# Setup the drawer to the left-top corner
tlCrnr = (SCALER*col+LW/2, SCALER*row+LW/2)
# The length of the block is defined by the array (height is constant for all)
(w, h) = (bLensVct[bCols]*SCALER, 1*SCALER)
# Handle the case for which there not enough blocks
rectCol = RB_COL if (w > 0) else RN_COL
w = abs(w)
blocks = (tlCrnr, (tlCrnr[0]+w-LW/2, tlCrnr[1]+h-LW/2))
# Draw the resulting block
draw = ImageDraw.Draw(img)
# draw.rectangle(blocks, fill=(*bColor, int(255*BLOCKS_ALPHA)))
draw.rectangle(blocks, outline=rectCol, width=LW)
# Shift column iterator
col = col + abs(bLensVct[bCols])


This gives image reconstruction process works both as a visualization and verification step, as any missmatches would result in scrambled images. Resulting images look as follows:

With a case where a solution was found with available blocks is shown in the left, and one in which some blocks would be missing on the right (a considerably smaller pool of blocks was provided to the algorithm).

## Bill of Materials

• Goal: To get a count of the blocks needed for our project.
• Input: Decoded image blocks mappings, and image with highlighted blocks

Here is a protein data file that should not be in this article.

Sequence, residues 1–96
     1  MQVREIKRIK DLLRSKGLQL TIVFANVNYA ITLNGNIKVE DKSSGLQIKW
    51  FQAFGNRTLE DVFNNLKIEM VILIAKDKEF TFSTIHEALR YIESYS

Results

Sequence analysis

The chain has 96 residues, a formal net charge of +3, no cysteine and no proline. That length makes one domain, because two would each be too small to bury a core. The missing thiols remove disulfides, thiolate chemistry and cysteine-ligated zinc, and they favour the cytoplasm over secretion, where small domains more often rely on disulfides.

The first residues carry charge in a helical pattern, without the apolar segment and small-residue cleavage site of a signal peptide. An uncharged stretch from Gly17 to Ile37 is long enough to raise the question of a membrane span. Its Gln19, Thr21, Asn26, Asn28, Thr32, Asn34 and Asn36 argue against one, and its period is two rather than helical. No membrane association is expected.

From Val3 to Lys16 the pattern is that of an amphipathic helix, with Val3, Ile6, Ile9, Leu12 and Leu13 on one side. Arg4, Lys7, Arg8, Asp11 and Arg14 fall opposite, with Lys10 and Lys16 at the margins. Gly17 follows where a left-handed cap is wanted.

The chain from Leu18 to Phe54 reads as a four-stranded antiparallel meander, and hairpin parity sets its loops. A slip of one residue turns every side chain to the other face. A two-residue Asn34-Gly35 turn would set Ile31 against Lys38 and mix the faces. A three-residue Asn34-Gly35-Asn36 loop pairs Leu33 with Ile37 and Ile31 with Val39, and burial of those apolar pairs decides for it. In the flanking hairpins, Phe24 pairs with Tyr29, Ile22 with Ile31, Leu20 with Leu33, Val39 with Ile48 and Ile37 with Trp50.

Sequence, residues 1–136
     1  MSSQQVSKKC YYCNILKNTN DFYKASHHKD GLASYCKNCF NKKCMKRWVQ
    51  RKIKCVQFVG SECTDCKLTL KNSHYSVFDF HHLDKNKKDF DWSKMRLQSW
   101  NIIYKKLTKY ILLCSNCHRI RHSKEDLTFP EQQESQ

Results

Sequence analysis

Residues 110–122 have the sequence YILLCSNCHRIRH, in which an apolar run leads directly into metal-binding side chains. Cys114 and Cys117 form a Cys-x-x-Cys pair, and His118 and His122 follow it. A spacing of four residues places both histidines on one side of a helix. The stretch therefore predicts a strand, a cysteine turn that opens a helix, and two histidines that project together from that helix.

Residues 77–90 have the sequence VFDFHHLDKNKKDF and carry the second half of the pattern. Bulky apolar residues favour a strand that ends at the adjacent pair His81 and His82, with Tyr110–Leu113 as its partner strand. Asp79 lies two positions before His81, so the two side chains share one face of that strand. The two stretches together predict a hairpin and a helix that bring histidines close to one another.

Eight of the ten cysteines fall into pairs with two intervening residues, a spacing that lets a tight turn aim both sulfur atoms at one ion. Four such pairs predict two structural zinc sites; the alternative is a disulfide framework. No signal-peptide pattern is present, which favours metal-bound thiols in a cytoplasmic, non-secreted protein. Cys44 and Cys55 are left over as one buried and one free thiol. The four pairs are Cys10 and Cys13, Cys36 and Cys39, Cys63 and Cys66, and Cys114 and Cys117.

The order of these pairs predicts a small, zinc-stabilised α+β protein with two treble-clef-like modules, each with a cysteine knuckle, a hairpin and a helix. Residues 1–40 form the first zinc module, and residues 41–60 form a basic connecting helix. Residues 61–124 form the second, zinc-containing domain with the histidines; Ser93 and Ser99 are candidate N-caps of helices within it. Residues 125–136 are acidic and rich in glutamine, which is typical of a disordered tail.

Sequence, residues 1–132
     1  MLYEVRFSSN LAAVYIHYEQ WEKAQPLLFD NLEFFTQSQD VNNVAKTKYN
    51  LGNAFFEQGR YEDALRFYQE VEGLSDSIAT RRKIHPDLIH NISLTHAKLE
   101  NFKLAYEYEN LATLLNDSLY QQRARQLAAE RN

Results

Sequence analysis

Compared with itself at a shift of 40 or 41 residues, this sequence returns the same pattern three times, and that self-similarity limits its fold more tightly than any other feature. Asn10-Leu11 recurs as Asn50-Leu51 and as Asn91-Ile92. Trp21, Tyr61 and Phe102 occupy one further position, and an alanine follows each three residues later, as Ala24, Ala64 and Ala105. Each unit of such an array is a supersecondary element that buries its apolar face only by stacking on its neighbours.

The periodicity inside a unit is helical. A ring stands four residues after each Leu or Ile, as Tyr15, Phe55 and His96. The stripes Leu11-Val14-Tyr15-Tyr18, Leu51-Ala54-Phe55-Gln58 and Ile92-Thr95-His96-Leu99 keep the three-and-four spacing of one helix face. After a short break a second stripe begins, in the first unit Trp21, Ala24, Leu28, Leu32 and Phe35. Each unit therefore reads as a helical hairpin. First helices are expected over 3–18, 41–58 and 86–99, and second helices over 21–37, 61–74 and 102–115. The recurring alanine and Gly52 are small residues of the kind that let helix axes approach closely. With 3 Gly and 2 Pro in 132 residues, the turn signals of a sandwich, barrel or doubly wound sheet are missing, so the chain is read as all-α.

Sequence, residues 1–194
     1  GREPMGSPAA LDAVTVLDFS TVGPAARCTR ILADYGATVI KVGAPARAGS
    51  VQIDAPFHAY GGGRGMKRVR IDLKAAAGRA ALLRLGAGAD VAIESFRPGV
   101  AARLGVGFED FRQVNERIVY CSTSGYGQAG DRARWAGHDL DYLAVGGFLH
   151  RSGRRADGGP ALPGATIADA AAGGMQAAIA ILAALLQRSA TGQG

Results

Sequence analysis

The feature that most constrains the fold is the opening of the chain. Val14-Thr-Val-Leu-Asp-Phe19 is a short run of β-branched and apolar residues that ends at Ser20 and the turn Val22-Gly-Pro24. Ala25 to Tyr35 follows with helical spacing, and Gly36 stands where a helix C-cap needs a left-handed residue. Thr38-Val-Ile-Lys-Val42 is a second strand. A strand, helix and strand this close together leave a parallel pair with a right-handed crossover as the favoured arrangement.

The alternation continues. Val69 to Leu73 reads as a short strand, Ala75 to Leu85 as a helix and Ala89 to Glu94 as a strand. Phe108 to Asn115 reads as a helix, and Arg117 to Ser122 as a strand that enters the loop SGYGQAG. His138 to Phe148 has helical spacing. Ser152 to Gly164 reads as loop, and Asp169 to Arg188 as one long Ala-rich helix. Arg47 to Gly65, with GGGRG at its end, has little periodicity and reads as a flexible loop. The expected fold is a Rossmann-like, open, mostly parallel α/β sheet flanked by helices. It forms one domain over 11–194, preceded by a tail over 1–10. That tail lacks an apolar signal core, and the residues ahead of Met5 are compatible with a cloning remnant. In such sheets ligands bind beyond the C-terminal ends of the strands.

• Output: Final panel with portrait and bill of materials.

Finally, we need to compute the number of blocks and shapes of each color that will be needed to build our portrait. I wanted to make use of the same function I coded for the PixArt-Beads code, so all this part of the code does is to reshape everything so that it can fit the aforementioned function with as little modifications as possible.

Running this final piece of the puzzle gives us the following:

# Notes

I will explain a bit more about the setup and usage of the tool in a follow-up post, as this one is already a bit long. In it, we will go through how to give priority to blocks of specific langths and how to setup and run the pipeline with specific block pools and with more images.